April 8, 2011
Russia To Boost Efforts For Bigger Piece Of Space Market
Prime Minister Vladimir Putin said on Thursday that Russia will boost its efforts to explore the solar system and seek a bigger share of the market for space launches in the next decade.
Putin said while speaking ahead of the 50th anniversary of Yuri Gagarin's pioneering space flight that Russia's plans go beyond transporting crews to the International Space Station.
Putin said Russia is the world's fourth-largest spender on space after NASA, the European Space Agency and France.
"Such resources enable us to set serious goals," Putin said.
He said Russia currently provides about 40 percent of all space launches and wants to increase its share of what he said was a $200 billion market to as much as 50 percent in the near future.
Russia would begin sending humans into space from a new facility it is building in Vostochny in eastern Siberia starting in 2018.
"It is worth recalling that our automatic stations in the '50s and '70s were first in reaching the moon, Mars and Venus. These achievements are forever written into the history of space research," Putin said.
"Now Russia is returning to researching the planets of the solar system."
Gagarin became the first human in space on April 12, 1961 after orbiting Earth in the 108-minute flight that stunned the world and raised the stakes in the U.S.-Soviet space race.
Russia is now set to be the only country to take crews to space after NASA shuts down its shuttle program later this year.
A Russian Soyuz craft bearing Gagarin's portrait docked with the International Space Station (ISS) early on Thursday, delivering two Russians and an American astronaut to the orbital outpost.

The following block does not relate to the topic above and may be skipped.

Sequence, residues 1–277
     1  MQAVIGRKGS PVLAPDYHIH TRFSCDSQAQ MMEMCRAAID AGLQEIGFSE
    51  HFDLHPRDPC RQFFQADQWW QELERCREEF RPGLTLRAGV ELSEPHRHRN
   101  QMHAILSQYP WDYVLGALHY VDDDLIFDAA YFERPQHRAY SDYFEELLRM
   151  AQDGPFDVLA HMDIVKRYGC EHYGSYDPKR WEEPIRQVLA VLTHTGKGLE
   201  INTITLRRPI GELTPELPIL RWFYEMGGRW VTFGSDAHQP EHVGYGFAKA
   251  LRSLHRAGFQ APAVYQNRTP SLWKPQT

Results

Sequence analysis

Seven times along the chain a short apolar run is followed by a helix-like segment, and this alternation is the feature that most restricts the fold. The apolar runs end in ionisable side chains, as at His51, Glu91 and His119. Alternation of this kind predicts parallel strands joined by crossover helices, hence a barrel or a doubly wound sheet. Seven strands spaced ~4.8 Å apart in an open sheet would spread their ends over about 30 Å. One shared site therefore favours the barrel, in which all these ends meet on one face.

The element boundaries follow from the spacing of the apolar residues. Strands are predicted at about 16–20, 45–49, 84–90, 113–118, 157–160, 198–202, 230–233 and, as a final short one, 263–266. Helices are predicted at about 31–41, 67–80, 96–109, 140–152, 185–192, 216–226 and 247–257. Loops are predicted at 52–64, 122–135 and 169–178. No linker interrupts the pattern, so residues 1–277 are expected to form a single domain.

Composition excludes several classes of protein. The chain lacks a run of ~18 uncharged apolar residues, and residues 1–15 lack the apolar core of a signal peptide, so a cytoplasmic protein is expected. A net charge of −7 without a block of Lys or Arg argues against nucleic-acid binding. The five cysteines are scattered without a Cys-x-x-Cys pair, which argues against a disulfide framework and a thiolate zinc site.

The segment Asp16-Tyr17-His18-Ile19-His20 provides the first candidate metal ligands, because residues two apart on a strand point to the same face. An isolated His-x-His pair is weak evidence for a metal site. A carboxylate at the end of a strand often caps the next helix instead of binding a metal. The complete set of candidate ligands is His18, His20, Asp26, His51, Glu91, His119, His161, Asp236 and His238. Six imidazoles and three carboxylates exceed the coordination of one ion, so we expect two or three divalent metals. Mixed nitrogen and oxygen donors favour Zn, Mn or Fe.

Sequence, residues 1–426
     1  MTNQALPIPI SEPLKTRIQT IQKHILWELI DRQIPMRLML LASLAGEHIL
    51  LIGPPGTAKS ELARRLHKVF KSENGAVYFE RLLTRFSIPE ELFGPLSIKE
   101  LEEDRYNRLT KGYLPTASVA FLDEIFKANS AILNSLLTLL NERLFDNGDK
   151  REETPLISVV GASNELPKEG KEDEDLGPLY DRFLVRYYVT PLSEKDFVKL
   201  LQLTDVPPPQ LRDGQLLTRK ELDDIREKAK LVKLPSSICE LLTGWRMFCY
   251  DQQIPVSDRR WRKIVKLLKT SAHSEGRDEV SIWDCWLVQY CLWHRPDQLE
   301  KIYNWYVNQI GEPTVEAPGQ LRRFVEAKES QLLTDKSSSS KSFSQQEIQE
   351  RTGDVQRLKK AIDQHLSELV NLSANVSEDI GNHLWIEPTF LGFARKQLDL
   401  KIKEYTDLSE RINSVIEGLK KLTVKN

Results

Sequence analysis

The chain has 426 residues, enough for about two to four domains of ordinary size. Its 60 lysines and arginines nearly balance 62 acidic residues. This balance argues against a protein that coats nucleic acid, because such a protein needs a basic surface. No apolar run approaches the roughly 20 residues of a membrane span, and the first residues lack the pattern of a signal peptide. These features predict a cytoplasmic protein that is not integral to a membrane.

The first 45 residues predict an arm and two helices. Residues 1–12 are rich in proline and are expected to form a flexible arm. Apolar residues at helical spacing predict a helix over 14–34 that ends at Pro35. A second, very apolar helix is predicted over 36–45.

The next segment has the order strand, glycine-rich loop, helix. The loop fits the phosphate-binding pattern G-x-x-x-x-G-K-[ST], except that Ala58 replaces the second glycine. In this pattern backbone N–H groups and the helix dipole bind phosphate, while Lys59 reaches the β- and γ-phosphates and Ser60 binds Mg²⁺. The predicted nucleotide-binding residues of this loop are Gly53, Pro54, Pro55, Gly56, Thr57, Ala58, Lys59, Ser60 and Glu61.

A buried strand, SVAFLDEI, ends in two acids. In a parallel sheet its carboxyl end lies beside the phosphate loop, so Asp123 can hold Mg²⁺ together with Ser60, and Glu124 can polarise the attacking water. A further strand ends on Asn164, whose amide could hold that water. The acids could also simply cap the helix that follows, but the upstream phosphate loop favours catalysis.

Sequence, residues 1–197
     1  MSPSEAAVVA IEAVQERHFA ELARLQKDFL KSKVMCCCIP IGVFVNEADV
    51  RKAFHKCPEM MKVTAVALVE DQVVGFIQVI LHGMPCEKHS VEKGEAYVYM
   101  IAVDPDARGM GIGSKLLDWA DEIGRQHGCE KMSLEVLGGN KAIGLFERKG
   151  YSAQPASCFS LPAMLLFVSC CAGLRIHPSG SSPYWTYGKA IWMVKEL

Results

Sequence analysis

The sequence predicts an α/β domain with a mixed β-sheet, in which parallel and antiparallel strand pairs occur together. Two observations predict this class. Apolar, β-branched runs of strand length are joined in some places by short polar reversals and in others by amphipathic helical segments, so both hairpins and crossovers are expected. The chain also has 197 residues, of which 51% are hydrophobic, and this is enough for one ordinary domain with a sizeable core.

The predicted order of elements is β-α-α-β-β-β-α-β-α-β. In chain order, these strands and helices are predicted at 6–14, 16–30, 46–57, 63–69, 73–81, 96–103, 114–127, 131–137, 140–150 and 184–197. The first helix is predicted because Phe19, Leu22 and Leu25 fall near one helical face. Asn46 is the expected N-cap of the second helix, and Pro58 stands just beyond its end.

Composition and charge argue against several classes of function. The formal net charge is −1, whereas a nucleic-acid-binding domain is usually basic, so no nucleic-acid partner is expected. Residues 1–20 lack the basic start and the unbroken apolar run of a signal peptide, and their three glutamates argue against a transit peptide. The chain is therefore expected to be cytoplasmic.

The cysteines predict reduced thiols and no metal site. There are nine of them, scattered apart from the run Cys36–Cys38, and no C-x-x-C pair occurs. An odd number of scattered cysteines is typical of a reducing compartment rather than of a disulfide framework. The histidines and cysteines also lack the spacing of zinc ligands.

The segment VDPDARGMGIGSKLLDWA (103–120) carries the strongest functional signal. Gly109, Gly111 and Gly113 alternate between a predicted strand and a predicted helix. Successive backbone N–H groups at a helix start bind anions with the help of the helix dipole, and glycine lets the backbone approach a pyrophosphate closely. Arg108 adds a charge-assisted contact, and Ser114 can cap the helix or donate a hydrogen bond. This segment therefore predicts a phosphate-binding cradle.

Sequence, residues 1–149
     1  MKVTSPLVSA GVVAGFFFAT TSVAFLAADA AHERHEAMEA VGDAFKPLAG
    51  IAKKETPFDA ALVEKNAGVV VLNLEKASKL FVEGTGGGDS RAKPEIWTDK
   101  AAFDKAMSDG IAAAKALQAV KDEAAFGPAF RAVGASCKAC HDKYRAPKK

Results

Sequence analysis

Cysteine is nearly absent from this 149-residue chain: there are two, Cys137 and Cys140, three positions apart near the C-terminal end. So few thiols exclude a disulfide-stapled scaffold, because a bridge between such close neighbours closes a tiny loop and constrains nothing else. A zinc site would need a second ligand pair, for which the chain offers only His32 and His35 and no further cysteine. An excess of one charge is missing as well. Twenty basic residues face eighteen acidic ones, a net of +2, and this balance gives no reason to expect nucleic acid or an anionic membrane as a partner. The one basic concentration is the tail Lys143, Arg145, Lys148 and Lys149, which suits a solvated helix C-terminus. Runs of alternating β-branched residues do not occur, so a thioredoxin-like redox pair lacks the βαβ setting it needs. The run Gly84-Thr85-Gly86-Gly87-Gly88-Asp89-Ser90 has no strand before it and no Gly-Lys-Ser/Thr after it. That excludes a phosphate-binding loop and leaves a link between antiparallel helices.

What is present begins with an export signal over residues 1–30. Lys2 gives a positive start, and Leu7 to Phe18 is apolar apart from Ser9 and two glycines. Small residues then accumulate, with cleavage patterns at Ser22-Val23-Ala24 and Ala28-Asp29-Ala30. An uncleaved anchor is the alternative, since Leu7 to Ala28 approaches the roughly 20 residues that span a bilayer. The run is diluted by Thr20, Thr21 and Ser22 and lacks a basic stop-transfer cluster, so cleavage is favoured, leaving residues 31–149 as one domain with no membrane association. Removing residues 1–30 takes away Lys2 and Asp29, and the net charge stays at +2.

Deputy Economy Minister Andrei Klepach predicted Russia would face a space-spending squeeze in 2015 through 2016 unless it makes long-term budget plans that would include moon research and other programs.
The country's space program has also suffered recent setbacks including the delay last month of a Soyuz launch to the International Space Station (ISS) and two failed satellite launches this year.
Scientists at the meeting were divided over the future direction of the space program and whether it should set it sights on the moon or Mars.
Lev Zelyony, director of Russia's Space Research Institute, told Reuters that it should first focus on the moon, predicting a new space race because of a recent discovery that there could be water there.
"Where there are resources, there is always competition," said Zelyony. He said two moon explorations are planned in 2013. but there are no funds that have been assigned for the missions.
Vitaly Lopota, head of spacecraft manufacturer Energiya, told Reuters that the U.S. was looking to Mars and Russia should do the same.
"If we make the moon the priority we will lose in the long term," he said.
On the Net: